god. I don’t know if I can pull this off.’ Fight or flight.” He’s just finished a West End run of
the hit musical Everybody’s Talking About Jamie, playing an aging ex-drag queen. “I enjoyed
the fear of that,” he says. “I’d missed the butterflies.”
For all it’s challenges, O’Connor believes The Entertainer lives up to its name. His staging will
offer a history of post-war popular culture “from Glenn Miller to Kajagoogoo” to chart
Britain’s decline after World War Two. “Osborne was a real democrat with theatre. He
wanted his plays to be entertaining, so you get the gags, the music and a bit of smut.” At the
same time, O’Connor sees “a family drama as vicious as a Strindberg or a Eugene O’Neill”
and he’s cast stage veterans Sara Crowe and Pip Donaghy, alongside Diana Vickers, as
It’s a fascinating moment to take a classic state-of-the-nation play around the nation.
O’Connor believes it will resonate: “You don’t have to press very far to see its relevance,” he
says, either politically with Brexit or culturally in the wake of right-on comedy. Richie’s
excited: “It’s like it’s no longer going to be the best kept secret. Everyone will get to see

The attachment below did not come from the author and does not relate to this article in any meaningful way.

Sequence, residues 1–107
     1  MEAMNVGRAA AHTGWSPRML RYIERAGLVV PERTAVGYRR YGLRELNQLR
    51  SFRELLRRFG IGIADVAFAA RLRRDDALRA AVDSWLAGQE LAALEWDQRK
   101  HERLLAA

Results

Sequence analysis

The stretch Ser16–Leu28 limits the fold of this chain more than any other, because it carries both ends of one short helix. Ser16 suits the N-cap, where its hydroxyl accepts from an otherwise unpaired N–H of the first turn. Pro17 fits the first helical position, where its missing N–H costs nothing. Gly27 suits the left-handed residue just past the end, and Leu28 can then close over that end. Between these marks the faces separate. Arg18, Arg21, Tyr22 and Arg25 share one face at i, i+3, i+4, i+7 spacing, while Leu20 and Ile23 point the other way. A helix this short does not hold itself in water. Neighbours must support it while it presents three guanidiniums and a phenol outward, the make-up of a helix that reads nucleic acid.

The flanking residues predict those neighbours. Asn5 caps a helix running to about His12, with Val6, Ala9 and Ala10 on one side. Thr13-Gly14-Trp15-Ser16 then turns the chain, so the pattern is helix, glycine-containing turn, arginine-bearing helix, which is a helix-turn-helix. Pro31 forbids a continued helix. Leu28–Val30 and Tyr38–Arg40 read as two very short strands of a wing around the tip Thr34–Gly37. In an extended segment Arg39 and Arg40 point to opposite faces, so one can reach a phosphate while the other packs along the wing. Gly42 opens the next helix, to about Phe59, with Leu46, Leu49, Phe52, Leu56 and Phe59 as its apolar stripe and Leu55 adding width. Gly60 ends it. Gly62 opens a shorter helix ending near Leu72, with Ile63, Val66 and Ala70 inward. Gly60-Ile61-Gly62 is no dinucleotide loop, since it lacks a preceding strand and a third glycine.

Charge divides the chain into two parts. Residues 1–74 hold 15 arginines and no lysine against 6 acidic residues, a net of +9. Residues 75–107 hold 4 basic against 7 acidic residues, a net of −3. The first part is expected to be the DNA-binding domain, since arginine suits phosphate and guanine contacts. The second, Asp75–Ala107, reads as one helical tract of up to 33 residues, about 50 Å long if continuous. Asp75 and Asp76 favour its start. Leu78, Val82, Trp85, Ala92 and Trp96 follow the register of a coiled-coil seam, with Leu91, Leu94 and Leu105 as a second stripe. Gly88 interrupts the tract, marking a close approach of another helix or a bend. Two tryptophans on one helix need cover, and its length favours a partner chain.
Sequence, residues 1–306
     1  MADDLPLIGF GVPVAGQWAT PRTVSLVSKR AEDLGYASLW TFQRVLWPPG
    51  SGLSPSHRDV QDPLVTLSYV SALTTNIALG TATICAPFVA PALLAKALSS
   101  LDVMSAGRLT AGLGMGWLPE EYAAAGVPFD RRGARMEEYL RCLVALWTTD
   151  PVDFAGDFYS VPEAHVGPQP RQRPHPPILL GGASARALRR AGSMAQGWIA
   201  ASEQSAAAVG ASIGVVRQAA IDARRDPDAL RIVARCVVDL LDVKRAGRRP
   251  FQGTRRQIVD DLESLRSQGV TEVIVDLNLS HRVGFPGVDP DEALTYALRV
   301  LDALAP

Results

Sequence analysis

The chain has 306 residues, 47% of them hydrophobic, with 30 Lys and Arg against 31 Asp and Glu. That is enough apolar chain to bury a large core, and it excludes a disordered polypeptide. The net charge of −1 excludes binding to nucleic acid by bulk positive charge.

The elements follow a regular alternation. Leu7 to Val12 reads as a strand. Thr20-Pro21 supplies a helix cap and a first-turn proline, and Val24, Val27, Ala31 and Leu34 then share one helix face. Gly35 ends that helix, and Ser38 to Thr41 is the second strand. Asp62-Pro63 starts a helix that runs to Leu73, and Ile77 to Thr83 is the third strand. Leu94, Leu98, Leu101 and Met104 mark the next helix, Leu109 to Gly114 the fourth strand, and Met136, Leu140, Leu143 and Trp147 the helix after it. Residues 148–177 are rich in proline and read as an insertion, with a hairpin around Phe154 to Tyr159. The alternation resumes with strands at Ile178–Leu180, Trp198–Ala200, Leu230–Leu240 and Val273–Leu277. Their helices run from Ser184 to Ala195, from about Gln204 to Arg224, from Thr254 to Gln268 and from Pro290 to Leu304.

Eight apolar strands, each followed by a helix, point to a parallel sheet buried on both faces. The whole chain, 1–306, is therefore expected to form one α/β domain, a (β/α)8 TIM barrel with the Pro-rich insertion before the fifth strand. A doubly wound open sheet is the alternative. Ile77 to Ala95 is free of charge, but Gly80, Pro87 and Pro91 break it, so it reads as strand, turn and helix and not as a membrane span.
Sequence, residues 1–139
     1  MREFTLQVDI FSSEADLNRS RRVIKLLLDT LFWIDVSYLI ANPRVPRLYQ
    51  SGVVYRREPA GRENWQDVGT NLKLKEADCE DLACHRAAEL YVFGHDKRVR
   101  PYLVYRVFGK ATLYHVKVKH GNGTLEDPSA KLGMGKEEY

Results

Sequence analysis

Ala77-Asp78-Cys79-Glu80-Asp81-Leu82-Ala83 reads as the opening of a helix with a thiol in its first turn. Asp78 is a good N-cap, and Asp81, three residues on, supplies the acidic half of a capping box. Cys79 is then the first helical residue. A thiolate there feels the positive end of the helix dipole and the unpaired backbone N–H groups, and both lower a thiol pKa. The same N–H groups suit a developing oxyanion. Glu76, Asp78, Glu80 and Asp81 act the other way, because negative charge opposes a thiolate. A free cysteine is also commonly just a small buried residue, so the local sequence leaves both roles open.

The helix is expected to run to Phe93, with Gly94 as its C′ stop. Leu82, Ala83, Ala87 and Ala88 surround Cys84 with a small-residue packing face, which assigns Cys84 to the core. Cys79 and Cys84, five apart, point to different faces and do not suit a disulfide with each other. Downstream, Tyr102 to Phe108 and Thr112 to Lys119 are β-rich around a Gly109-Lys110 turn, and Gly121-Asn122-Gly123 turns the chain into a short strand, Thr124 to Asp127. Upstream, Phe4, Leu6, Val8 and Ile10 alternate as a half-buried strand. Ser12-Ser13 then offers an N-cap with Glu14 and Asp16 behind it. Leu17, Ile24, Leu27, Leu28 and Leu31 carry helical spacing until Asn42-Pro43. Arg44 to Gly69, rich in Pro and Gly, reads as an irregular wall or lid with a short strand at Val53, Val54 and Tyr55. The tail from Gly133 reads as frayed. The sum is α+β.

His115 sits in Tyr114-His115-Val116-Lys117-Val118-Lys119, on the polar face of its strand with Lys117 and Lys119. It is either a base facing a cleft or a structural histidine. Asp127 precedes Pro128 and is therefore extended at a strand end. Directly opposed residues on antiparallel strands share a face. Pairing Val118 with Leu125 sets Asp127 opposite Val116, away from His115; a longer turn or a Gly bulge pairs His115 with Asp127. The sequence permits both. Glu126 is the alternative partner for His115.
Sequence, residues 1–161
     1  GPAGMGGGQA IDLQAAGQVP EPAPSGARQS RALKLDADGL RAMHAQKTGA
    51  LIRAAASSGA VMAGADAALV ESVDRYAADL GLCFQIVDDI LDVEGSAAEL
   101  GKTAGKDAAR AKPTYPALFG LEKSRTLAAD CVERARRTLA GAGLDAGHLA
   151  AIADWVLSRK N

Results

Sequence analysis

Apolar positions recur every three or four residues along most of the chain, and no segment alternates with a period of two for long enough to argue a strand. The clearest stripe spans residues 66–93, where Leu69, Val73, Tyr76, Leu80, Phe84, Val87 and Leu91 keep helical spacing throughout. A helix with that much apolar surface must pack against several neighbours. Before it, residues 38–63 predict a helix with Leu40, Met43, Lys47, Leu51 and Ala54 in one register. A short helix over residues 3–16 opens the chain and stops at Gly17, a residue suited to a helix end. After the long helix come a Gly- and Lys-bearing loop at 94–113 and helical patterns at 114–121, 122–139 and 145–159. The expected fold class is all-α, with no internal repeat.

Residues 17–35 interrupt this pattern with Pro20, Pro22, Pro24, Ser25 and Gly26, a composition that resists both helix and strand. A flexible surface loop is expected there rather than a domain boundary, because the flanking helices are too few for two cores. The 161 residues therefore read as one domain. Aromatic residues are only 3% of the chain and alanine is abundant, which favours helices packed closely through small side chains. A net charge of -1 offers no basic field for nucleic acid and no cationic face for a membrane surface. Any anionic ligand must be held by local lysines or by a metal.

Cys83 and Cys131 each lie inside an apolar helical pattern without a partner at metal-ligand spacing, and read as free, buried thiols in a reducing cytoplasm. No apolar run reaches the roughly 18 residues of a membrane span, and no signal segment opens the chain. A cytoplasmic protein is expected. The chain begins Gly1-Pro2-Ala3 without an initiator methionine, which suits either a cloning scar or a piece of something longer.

John Osborne’s masterpiece.”
DIANA VICKERS & SARA CROWE JOIN SHANE RICHIE IN THE UK TOUR
Shane Richie takes on the role memorably created on stage and screen by Laurence Olivier,
alongside Diana Vickers and the Olivier award winning Sara Crowe. The show heads to Theatre
Royal Brighton from Mon 21 – Sat 26 Oct.
Director Sean O’Connor, who has changed the setting of Osborne’s play for the very first time from
1957 to 1982, said: ‘I fell in love with Diana’s feisty but vulnerable LV in The Rise And Fall Of Little
Voice when I saw it in the West End and am very excited about what she’ll bring to the role of Jean in
The Entertainer, a young woman whose political conscience has been awakened by the Falklands war
and who struggles in her combative relationship with her feckless father, Archie.’